Malaysian smallholders protest
Amendments to the EU’s Renewable Energy Directive (RED) are making their way through the legislative process in Brussels. The RED presents a huge issue for Malaysia, specifically for its palm oil exports, because the European Parliament intends to ban palm oil biofuels from 2021 – last year, its Environment Committee and the Industry, Research and Energy Committee voted for the ban.
Brussels uses the RED as its main tool in regulating the biofuels sector. The objective is to highlight the EU’s use of renewable energy to reduce greenhouse gas emissions, and contribute to the region’s strategy to mitigate climate change. As part of this effort, the use of biofuels and other renewable energy sources is being promoted.
The move to ban palm oil biofuels has been led by multiple protectionist Members of the European Parliament (MEPs), with Dutch Greens MEP Bas Eickhout and Spanish Socialist MEP José Blanco López at the forefront.
The European Parliament’s protectionist position was confirmed on Jan 17, 2018 with 492 MEPs in favour of banning palm oil biofuels, 88 against and 107 abstentions. All other oilseeds will continue selling within the EU until at least 2030.
It has been heartening, however, to note that Malaysia received support from many quarters in Europe. The UK Conservative MEPs – part of the governing party of Prime Minister Theresa May – voted against the ban. In a statement confirming their stance, they said they ‘could not support an arbitrary ban on palm oil, which will have an inflationary effect on food prices and cause significant economic damage to developing countries’.
UK Conservative MEP Daniel Hannan, in a speech during the plenary, criticised other MEPs for wanting to ban palm oil: “The reality is that this is a vote driven by the interests of rapeseed producers here in Europe, specifically the biofuels industry at home.”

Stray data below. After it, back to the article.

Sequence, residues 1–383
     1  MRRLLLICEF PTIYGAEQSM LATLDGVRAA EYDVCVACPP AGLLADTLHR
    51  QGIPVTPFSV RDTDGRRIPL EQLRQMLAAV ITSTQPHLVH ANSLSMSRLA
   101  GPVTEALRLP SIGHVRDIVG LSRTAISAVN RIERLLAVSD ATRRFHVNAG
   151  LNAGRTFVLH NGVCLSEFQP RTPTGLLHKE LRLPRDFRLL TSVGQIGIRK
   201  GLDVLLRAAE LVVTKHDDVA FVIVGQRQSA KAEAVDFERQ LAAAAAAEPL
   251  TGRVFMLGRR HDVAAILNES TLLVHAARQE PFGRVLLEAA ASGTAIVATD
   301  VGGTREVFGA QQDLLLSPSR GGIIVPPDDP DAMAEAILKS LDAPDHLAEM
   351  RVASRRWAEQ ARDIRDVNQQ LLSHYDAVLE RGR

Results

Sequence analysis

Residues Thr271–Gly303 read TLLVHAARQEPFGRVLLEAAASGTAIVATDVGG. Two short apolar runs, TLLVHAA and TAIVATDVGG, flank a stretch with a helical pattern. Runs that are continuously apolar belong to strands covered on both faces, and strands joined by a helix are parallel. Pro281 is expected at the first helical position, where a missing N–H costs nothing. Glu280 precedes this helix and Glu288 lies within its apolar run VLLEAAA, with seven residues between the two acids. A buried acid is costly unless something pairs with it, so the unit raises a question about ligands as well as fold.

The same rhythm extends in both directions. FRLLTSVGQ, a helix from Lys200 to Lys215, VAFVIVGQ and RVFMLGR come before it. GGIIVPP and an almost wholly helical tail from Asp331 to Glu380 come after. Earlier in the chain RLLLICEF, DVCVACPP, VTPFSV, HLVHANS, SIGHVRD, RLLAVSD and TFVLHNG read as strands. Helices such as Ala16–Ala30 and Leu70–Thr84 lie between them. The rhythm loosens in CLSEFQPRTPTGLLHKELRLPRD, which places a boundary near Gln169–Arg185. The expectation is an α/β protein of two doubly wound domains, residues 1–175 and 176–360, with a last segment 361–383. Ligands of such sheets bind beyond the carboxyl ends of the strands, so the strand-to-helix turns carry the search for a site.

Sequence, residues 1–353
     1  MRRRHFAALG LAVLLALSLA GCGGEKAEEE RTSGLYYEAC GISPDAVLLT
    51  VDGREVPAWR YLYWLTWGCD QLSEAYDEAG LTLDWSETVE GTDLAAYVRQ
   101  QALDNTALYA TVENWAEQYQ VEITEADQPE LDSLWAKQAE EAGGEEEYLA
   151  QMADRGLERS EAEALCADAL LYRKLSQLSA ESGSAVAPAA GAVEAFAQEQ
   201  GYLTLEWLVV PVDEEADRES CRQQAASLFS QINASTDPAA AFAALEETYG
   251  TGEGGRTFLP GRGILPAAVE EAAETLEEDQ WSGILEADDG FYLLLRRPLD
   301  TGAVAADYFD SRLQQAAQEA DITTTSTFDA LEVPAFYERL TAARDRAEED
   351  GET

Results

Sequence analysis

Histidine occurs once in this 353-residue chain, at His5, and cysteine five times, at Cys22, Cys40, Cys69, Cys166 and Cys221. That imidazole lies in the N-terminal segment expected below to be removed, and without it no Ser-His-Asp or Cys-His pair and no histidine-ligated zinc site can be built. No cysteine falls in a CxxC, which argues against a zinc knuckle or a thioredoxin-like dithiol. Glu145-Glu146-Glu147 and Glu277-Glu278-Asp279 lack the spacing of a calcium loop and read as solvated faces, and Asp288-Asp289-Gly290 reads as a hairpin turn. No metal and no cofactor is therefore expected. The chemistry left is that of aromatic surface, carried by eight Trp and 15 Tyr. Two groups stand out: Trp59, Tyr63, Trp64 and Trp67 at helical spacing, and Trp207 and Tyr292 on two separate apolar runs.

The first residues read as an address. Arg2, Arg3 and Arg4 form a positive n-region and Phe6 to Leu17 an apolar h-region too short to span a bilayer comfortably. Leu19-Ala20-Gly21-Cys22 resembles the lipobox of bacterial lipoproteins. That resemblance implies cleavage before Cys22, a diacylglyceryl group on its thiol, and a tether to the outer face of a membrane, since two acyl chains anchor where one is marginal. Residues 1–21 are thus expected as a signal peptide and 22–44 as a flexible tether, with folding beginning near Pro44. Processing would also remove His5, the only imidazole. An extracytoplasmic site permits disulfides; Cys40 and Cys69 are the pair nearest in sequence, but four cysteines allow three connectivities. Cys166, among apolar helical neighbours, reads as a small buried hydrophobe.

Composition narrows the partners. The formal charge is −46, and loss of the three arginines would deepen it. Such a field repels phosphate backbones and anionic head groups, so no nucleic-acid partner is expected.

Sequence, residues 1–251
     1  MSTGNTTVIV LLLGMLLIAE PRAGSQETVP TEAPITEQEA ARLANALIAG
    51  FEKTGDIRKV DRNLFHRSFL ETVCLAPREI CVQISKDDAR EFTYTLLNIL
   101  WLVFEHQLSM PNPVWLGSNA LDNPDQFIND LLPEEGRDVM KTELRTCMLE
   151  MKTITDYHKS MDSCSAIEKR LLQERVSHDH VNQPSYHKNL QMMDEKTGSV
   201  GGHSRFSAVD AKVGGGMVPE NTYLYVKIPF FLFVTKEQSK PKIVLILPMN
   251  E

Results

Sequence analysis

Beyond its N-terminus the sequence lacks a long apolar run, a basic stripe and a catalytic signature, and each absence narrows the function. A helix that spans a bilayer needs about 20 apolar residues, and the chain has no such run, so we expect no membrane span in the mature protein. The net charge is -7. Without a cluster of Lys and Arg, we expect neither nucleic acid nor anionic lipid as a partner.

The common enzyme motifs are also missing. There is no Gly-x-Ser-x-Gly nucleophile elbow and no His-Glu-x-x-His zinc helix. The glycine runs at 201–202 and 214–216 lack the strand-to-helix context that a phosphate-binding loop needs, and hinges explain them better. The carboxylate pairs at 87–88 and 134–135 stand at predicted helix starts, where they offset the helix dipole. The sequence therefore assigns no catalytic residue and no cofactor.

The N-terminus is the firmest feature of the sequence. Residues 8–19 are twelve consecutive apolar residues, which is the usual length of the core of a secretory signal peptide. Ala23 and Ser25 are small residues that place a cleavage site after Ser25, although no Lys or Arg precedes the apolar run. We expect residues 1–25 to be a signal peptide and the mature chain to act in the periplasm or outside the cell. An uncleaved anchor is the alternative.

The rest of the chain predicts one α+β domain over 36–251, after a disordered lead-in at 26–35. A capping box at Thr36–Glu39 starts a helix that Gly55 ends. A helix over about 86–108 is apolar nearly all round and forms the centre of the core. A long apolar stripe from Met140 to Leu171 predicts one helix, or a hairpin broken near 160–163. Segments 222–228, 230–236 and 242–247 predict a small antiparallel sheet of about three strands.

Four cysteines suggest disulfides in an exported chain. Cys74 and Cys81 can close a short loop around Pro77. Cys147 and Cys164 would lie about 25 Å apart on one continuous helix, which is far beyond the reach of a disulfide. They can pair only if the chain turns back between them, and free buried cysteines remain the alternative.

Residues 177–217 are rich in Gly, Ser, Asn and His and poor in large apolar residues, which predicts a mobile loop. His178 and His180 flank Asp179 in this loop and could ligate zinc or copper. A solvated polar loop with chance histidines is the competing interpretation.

In addition, 57 MEPs from Europe’s largest political party – the centre-right European People’s Party – proposed an amendment to remove the clause on the palm oil ban.
Following the vote, Malaysia’s International Trade and Industry Minister Dato’ Sri Mustapa Mohamed said the ban is a “potential violation of World Trade Organisation rules”. Plantation Industries and Commodities Minister Datuk Seri Mah Siew Keong referred to it as “akin to crop apartheid”.
Protest in KL
On Jan 16, more than 2,000 Malaysian smallholders took to the streets of downtown Kuala Lumpur to protest the ban. As the event unfolded, photos, videos and comments were uploaded by advocacy groupfacesofpalmoil.org, which also posted tweets.
A delegation of smallholders and MPOC officials hand-delivered a petition at a meeting with H.E. Maria Castillo Fernandez, the EU Ambassador to Malaysia. The petition was backed by 320,047 signatures collected from smallholders nationwide. The delegation relayed the message that millions of Malaysians would be affected by such an unfair and discriminatory ban.
The Ambassador attempted to appease the group by saying that there is no ban on palm oil. However, many in the delegation felt otherwise. They based their stance on a press release by the European Parliament, which states that ‘MEPs want a ban on the use of palm oil from 2021’. Furthermore, during debates on the RED, words such as ‘ban’, ‘phase out’ or ‘stopping palm oil’ were repeatedly used.
Almost all the representatives of the smallholders spoke up during the meeting. Among them was Tuai Rumah Thomas Lamet, representing the Sarawak Land Consolidation and Rehabilitation Authority. He urged the Ambassador and the EU not to penalise innocent people, describing this as “cruel”. He said the ban would deprive them of a good life and create social problems because “oil palm [cultivation] sustains their life.”
The Ambassador was further told that negative comments and claims made against the palm oil industry had affected the interests of smallholders. She then agreed to raise their concerns with the European Parliament, EU Council (made up of governments) and European Commission.
The protest generated widespread publicity in major European cities and in Malaysia. It drew attention to the problems that 650,000 smallholders would face, as they depend on palm oil to earn an income and provide for their families. The ‘Faces of Palm Oil’ campaign, supported by smallholder organisations in Malaysia, secured close to 100 articles in the international media in January.
Efforts remain in place to overturn the ban as the legislative process continues. A decision will be made in the coming months, in negotiations between the European Parliament, EU Council, and European Commission. The Malaysian palm oil sector must ensure that it keeps up the pressure, day after day.